Golden M Southwestern & Indian Art
Company. Throughout the year, seasonal events take place along the Riverwalk, from live bands to farmer's markets, in addition to excursion boat rides during the summer months. For local fare, Angelo's Pizza Parlor offers patio seating on the Riverwalk, while Hopscotch Bakery is known for their homemade ice cream and unique baked goods. Many more distinct businesses have addresses on Union Avenue that are not marked in the Explorer's Guide, so visitors should take their time to go off the map.

Sister Cities fountain
A customer's order waiting to be taken home
Hopscotch Bakery's Mary Oreskovich
Sculpture garden outside Latka Studio
   The historic Mesa Junction District features some of the most unique experiences in Pueblo. Following
the Explorer’s Guide, visitors can tour the Cup and Bowl and Latka Studios, two businesses nestled in  a residential area rooted in tradition. Next, follow the route to Colorado Avenue Antiques, the Fire Place, SAGE Art Academy, and the Broadway Cup 'n Cork. The last stop along the corridor is Grupo Folklorico del Pueblo, a local studio which integrates traditional dance with cultural history. Due in part to the Creative Corridor, the Mesa Junction District is once again thriving with business, old and new, as foot traffic increases. Just last week, Gypsy Javas, an urban coffee house, celebrated its grand opening (see the post above for more details). While following the map, make sure to explore the environment between landmarks for more aesthetic surprises. Discoveries not marked on the map include several public sculptures, a community garden, and an ambitious mural painted on a concrete retaining wall.

The Cup & Bowl at 116 Midway Avenue
Ceramics for sale in showroom

Community garden at private residence on Midway Ave.

Wall mural across from Rawlings Public Library

Courtesy of Pueblo Arts Alliance

     The Creative Corridor is best experienced on foot in conjunction with the Explorer’s Guide. The guide is provided by the Pueblo Arts Alliance. The guide is a free publication, which may be picked up at the Welcome Center inside the Sangre de Cristo Arts and Conference Center. View a map of the Creative Corridor here for a comprehensive overview of all landmarks, as well as the corridor’s physical boundary lines.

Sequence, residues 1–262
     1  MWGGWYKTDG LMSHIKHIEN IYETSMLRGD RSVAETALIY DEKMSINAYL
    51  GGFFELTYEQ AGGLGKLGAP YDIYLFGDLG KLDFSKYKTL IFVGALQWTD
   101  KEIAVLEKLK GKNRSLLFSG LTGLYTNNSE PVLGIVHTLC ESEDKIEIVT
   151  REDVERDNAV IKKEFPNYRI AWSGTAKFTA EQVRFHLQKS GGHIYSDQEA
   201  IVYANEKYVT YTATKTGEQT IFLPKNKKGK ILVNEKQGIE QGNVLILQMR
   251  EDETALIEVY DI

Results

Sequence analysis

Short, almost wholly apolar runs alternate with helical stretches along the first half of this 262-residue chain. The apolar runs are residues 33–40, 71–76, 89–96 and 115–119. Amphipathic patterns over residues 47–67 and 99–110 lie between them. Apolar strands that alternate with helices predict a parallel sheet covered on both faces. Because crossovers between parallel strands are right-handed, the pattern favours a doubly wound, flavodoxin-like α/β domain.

Tuesday, June 2, 2015

Colorado Smelter Site Makes Superfund List

Decommissioned site used by CF&I, now property of EVRAZ Pueblo

           Long gone are the glory days of industry, when the Colorado Fuel and Iron Company was the number one employer in Pueblo. Built in 1881, CF&I produced railroad supplies and fuel for the Denver and Rio Grande Railway Company. The steel mill continued to drive industry in Pueblo until its decline in the early 1980s. Following years of bankruptcy claims, it was purchased in 2007 by the Evraz Group. In addition to the steel mill, Pueblo was home to five ore smelters, including the Colorado Smelter which was recently named a Superfund site by the EnvironmentalProtection Agency (EPA).

Neighborhood effected by slag contaminants
Over many years the waste slag produced during the process or ore refining was dumped into a ravine located between Santa Fe Ave. and I-25. The waste contains hazardous materials which threaten public health. Although early investigations in the 1990s revealed cause for concern, official tests were not conducted until 2010. Ground samples from the slag pile and the neighboring residential area were found to contain elevated levels of lead and arsenic. Both contaminants are linked to health problems -including neurological damage and cancer- and pose a higher threat to children.